The US House of Representatives passed the “No Ban Act” on Wednesday, July 22nd, which would repeal President Trump’s series of travel bans since 2017 that targeted visitors from predominantly Muslim Countries. The act—whose name is actually an acronym, short for National Origin-Based Antidiscrimination for Non-immigrants Act—also prohibits future presidents from enacting similar discriminatory bans.
Activists, policymakers, and Muslim Americans are celebrating, as this is the first time in congressional history that a bill has been passed to protect the rights of Muslim Americans.The moment was also historic because it was presided over by Rashida Tlaib, one of the first female Muslim-American members of congress along with Ilhan Omar, who has been a leading voice in the fight.
Trump had first issued a Executive Order banning foreign nationals from seven Muslim-majority countries in January 2017, making good on a promise he made on the campaign trail. The most recent iteration of the ban, phrased in national security terms, targets visitors from Iran, Libya, Somalia, Syria, Sudan, and Yemen, along certain non-Muslim countries, including North Korea, Nigeria, and Myanmar, and some government officials from Venezuela.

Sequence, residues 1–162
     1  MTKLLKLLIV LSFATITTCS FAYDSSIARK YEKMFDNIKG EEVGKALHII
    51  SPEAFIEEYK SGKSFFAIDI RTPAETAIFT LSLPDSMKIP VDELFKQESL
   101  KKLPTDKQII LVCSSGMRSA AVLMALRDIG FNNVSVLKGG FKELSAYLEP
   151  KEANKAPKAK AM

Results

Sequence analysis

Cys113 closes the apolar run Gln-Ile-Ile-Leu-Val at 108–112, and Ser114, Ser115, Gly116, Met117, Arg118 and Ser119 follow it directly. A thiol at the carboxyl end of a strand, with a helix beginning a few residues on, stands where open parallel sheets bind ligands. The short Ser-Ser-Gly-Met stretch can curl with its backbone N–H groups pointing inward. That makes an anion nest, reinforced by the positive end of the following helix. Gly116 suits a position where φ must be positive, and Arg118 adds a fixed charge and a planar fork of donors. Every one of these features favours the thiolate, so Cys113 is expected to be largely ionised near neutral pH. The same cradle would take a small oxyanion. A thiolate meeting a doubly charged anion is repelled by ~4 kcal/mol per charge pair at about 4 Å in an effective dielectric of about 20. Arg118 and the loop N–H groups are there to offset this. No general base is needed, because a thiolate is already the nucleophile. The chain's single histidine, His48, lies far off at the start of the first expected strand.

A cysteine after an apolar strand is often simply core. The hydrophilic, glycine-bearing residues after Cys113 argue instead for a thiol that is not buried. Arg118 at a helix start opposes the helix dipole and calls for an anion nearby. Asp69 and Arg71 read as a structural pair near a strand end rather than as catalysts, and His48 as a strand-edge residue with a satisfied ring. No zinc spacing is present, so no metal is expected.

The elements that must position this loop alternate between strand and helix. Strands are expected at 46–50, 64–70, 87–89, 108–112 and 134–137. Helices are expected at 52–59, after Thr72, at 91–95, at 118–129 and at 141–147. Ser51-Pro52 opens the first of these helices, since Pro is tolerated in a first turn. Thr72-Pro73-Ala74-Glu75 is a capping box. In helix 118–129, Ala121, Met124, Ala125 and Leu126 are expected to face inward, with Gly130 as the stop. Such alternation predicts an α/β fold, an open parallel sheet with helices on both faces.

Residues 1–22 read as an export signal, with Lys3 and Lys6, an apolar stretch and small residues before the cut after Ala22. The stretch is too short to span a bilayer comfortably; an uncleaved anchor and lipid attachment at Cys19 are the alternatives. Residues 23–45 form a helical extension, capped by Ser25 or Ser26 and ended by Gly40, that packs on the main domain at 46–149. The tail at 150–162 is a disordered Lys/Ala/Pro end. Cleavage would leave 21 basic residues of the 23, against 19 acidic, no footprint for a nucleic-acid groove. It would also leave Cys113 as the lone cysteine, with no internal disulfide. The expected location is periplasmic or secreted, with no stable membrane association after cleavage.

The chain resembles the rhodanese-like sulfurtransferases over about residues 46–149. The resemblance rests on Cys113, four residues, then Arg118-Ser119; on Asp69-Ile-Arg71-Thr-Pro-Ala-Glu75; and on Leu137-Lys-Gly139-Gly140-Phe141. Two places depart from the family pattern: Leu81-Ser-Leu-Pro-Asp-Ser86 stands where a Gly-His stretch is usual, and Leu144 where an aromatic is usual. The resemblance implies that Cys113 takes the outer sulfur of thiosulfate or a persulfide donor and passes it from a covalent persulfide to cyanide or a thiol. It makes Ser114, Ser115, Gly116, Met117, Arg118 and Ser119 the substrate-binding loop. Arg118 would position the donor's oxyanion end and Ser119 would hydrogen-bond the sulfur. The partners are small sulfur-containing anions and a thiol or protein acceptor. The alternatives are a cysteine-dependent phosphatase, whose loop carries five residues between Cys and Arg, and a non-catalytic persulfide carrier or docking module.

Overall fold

In June 2018, the Supreme Court ruled that the ban was within the constitutional powers of the president. The No Ban Act would overrule this Supreme Court ruling.
“This Ban has personally prevented me from being reunited with my Syrian family members. It has torn thousands of families from countries including Yemen, Somalia, Libya, and Iran apart,” civil rights activist Isra Chaker wrote on Instagram, adding in a story: “I think of all the people impacted who saw today as I did: a sliver of hope, a sliver of light in this dark fog we’ve been living in. Finally, I’ve been heard. Finally, I’ve been seen. Finally, our stories matter.”
But the fight is not over. The bill might have gotten past the Democrat-controlled House, but it will now face a vote in the Republican-controlled, Trump-supporting Senate. Even if it does get through the Senate, it would then go the president, who has the power to veto. If Trump vetoes, which he is expected to do, Congress would have to vote again to override his veto with a supermajority vote, requiring two-thirds majority in favour.